Cheniere Energy: If You Must Buy, Wait For The Bears

| About: Cheniere Energy, (LNG)

Cheniere Energy (NYSEMKT:LNG) has had a huge run (skyrocketing over 115%) since January, on investor excitement over the company's unique position in the international natural gas market. According to some of the most enthusiastic bulls, Cheniere has one of the best arbitrage opportunities in the world due to low natural gas prices in the U.S. and higher prices abroad. Since the company is an intermediary that stores and ships compressed natural gas from the U.S. abroad, Cheniere can pocket the price differential as long as it remains profitable.

Natural gas, as many energy investors may know, has been on an extreme downtrend (in price) due to huge expansion of natural gas production brought about by fracking. This directly benefits Cheniere due to the ability to buy incredibly cheap natural gas in North America (at $2.186 MMBTU) and sell it to needy regions like Europe (with prices near $13.5 MMBTU) and others, making huge profit margins in the process.

Cheniere is particularly well positioned to take advantage of the gap due to its license to export to some of the biggest worldwide importers of natural gas (like China). Despite some recent data that has suggested a rapid slowdown of emerging market growth, natural gas demand has actually remained quite strong as people continue to substitute methods of producing energy due to high oil prices.

Overall, the stock looks like a real winner. Not only has it exploded from $3.01 at the start of 2009 to $18.74 (over 600% appreciation), but the prospects seem to have improved even further due to a recent approval for the company's $10 billion project in Louisiana. If Cheniere Energy can get the funds to build the largest natural-gas exporting terminal in the United States, there's reason to believe that the company can begin to generate some truly outstanding profits.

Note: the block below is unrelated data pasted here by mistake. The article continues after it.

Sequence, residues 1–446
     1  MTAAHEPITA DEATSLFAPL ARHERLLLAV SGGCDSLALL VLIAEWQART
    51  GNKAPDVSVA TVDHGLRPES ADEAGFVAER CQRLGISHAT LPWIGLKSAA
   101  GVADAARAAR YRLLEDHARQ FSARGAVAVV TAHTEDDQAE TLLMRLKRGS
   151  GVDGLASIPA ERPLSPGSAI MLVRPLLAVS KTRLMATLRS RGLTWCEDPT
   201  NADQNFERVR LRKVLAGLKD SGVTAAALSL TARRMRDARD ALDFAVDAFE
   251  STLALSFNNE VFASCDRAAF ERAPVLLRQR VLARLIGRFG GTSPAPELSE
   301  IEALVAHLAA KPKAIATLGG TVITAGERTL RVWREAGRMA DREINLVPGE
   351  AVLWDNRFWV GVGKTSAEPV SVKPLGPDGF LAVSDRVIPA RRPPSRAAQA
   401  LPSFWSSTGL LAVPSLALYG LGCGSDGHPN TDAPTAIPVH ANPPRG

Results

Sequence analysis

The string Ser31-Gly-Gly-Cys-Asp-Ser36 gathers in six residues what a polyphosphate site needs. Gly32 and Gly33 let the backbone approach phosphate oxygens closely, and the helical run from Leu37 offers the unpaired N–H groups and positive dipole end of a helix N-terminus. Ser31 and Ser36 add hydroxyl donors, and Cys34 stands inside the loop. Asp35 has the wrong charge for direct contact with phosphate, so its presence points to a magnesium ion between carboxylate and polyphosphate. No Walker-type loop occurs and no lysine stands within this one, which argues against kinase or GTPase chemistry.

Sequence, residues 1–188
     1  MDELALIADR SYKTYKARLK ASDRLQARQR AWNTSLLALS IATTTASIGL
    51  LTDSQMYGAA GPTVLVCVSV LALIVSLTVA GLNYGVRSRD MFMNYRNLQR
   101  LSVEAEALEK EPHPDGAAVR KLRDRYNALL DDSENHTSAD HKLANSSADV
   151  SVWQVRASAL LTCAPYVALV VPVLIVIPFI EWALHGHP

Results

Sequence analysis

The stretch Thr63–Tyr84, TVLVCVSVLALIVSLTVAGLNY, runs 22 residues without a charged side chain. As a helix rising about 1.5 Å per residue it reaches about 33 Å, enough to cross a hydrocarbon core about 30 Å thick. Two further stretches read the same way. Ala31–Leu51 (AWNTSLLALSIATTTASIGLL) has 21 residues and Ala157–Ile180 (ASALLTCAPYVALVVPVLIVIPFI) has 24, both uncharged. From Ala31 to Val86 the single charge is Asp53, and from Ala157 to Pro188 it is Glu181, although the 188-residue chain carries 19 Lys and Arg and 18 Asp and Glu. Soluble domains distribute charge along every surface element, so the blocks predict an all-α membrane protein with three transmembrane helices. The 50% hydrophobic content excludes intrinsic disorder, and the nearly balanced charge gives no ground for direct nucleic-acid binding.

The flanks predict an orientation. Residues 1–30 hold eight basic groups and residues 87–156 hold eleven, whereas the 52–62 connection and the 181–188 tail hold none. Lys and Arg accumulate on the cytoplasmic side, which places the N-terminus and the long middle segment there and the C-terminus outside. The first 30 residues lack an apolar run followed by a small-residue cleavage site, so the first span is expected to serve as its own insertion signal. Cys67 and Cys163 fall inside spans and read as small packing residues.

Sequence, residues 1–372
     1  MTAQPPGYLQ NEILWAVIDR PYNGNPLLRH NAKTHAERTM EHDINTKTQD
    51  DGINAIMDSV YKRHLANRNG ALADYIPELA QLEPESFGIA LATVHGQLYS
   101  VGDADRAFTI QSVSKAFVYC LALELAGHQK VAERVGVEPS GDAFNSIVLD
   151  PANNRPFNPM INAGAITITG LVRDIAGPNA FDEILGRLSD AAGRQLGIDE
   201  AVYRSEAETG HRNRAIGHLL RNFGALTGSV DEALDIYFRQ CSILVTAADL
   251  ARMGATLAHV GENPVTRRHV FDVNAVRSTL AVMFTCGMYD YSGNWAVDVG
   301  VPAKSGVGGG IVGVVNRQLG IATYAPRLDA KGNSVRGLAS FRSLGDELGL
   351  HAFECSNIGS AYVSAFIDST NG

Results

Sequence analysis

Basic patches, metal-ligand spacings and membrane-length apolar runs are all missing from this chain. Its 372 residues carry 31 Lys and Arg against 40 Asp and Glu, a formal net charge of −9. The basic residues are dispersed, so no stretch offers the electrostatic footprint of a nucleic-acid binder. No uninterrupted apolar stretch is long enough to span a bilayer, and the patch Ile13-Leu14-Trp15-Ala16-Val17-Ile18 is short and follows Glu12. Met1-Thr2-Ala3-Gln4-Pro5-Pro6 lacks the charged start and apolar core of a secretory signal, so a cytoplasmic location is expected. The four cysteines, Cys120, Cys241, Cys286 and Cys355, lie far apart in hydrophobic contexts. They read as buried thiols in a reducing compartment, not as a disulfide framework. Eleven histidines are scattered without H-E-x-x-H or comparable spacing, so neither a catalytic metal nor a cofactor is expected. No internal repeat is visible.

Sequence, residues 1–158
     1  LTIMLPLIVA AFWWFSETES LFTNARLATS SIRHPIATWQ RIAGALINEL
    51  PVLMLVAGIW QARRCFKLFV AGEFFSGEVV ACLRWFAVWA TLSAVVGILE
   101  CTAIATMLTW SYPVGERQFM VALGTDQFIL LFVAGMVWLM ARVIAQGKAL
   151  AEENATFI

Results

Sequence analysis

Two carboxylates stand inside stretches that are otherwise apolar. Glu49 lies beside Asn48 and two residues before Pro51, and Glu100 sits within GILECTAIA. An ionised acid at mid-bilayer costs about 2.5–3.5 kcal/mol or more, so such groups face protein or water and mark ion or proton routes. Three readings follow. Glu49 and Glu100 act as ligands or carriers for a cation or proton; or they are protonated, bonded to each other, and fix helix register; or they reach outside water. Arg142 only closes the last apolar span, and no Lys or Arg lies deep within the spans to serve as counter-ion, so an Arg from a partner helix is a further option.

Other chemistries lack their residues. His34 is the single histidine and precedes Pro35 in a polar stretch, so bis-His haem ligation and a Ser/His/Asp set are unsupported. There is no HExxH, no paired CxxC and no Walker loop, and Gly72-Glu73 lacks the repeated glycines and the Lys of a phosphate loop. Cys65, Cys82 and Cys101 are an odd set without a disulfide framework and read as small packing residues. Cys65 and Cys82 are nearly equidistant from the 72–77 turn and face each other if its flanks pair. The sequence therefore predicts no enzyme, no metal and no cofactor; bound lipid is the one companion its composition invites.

The problem is that funding the project is a big if, and there's also the importance of the natural gas price differential between major regions of the world. Fracking has induced an impressive supply shock in the natural gas market over the last few years. The recent hyperbolic growth of natural gas production in the U.S. has induced quite an enormous quake in natural gas prices, and consumption of the stuff has been slow to react.

The problem with Cheniere is that it relies quite heavily on this huge gap to justify its monstrous expenses. While the exact timing is unclear for now, natural gas prices across the world will converge as consumption and supply adjust to the hydrofracking boost that we've experienced in the U.S. recently.

In the immediate term, the biggest danger lies in the availability of funding for Cheniere's big project in Louisiana. The company made a major blunder with its investment in the Sabine Pass exporting terminal a few years ago (a terrific overview was written by Paulo Santos), and as it said in Santos' article, we may be seeing a repeat in the opposite direction with an even larger budget.

In an attempt to capture the natural gas price differential, Cheniere is making an enormous bet based on current prices which is expected to take until 2015-2016 to become operational. That is a long time to hope for stability in natural gas prices while financing a debt that is quickly approaching the current market cap of the company itself. Oil & Gas companies have already begun their reaction to low NG prices and low margins through production cuts in North America. This puts bullish pressure on natural gas prices.

Lastly, Cheniere still has to raise $5B for completion of its export terminal, and its existing ~$2.5B of debt (according to the company's latest 10-Q filing) makes it difficult to trust the company's financial situation. If the company manages to finish the project by 2015, and if the company can begin exporting with the absurd price differential, LNG will be a winner. These are big stretches-- and even then-- much of the upward momentum has been exhausted in the last two years.

LNG has obviously been a very painful stock to short (~12.5% of shares are still being shorted), and even though I think we will definitely see a natural gas rally, it's a risky play. The stock has already had a huge run, and if you are insistent on making the wild bet on LNG, I would wait for the stock to drop below $10 at the most before adding more. Bullish sentiment has been ferocious due to the recent approval of the exporting terminal.

There is a lot of room for Bears to pick apart at the LNG rally, and a lot of room for natural gas to move up right now.

Disclosure: I have no positions in any stocks mentioned, and no plans to initiate any positions within the next 72 hours.

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